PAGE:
William Covino (1994) places magic at the formative center of discursive knowledge-making ushered in by advanced literacy. Tracing support for constructs of literacy as rational, critical, objectively studied and taught, and part of the apparatus of power, Covino argues that “magical thinking” has been used to expunge ideas from current traditionalism, support Frierian “critical consciousness,” and help usher in “an appreciative emphasis on contributions to developmental literacy from science and social science” (4). He points to the ways modern rationality cast magic as “unstable and dynamic, spirited and licentious” (6) quoting Royal Society of London member, Thomas Sprat, as representative of rational modernity. Sprat warned against “ornaments of speaking” that “that give the mind a motion too changeable, and bewitching, to consist with right practice” (qtd. in Covino, 6, italics in original).

Yet, as Covino also points out, “Making language has long been regarded as, in some sense, magical; as a spell” (5). Etymologies of both spelling and grammar attest to their intertwined growth from the same roots as spell and grimoire. Our contemporary emphases on scientific thought, questioning, individual autonomy, and rejection of dogma connect much of composition’s history for Covino in ways that align its disparate strands along an axis of fear about “magical thinking that disallows alternatives to authorized knowledge.” For Covino,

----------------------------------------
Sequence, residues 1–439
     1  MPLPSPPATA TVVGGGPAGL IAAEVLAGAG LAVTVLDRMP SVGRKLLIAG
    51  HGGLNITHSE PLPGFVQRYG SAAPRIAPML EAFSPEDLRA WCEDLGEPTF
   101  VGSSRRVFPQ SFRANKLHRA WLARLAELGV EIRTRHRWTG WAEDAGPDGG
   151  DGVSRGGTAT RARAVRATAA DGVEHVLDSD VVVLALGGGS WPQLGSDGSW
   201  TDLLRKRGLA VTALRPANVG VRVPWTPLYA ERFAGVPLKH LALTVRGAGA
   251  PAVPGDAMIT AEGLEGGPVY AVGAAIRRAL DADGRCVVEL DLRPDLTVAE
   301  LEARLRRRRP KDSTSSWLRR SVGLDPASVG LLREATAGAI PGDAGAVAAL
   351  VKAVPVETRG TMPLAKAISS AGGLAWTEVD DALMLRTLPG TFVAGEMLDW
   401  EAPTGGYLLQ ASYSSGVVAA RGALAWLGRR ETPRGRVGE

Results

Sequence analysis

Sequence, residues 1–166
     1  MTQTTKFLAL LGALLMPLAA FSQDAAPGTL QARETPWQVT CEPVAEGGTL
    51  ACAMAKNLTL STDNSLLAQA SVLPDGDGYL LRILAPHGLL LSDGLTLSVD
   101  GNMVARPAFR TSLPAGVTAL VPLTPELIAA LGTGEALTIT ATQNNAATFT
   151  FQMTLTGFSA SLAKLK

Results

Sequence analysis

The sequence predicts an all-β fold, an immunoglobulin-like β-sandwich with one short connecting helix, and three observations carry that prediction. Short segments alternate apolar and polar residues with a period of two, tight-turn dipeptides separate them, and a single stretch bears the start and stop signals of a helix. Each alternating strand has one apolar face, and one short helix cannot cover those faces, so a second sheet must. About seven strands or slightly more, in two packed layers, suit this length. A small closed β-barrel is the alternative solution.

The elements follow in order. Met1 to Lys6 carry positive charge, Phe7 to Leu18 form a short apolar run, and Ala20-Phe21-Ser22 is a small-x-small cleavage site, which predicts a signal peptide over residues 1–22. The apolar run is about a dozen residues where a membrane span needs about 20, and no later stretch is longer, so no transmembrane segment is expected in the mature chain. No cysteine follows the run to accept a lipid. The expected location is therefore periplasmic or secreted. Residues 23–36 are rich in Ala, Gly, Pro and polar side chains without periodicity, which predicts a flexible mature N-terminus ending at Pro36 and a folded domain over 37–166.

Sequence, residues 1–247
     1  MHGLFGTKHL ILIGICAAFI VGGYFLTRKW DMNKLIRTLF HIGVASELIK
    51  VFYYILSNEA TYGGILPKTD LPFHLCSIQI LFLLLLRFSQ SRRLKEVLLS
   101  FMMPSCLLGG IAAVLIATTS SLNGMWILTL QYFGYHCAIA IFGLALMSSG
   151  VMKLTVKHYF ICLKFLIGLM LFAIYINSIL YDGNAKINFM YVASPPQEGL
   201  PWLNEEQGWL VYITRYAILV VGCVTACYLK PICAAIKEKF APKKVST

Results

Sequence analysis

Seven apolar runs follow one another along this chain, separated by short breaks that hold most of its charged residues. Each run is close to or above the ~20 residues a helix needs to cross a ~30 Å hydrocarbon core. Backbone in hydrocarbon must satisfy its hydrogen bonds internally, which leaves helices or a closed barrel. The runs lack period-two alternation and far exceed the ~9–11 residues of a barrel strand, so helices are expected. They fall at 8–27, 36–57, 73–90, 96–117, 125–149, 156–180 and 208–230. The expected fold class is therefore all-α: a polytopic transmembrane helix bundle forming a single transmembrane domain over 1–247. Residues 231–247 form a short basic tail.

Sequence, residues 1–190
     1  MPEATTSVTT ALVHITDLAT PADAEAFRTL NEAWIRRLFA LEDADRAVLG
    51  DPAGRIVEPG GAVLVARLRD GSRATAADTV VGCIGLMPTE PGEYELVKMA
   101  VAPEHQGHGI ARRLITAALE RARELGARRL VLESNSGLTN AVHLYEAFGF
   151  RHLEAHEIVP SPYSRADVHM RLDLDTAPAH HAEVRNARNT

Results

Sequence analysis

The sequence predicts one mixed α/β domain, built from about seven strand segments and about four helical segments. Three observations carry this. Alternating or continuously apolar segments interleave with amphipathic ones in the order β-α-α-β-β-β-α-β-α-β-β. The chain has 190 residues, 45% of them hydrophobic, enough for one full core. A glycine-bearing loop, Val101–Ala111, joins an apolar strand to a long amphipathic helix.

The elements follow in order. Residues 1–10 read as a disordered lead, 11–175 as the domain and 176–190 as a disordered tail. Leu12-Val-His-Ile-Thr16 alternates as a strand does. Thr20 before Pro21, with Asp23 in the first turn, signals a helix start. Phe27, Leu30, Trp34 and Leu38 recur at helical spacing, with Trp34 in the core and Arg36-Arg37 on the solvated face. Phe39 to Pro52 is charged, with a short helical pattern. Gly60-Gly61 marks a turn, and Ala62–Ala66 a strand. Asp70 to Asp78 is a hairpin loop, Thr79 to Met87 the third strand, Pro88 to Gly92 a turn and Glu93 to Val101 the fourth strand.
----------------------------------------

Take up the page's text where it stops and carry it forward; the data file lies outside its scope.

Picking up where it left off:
Magic is, in another sense, the practice of disrupting and recreating articulate power: a (re)sorcery of spells for generating multiple perspectives. As we will see, generative magic is a dialogical critique that seeks novelty, originating at a remove from the mass culture it would interrogate. However, insofar as generative magic seeks social and cultural change, it enters the world it questions. Thus generative magic is at once private and public, occult and common, an esoteric critical discourse of ‘specialist’ communities that define themselves in opposition to the mainstream, and an amplification of possibilities for action” (9).

For Covino, the magic of language admits for radical possibilities passed over by scientific rationality and objectivity. Our modern “nonmagical society” has adopted an epistemology of science and logic “entirely removed from ancient origins in ritual consensus, where time and space were ‘played out’ in drama that attempted to establish our place in a universe driven by a cosmology of deities” (13). Thinking from a different epistemological stance affords one opportunities to see what is missed.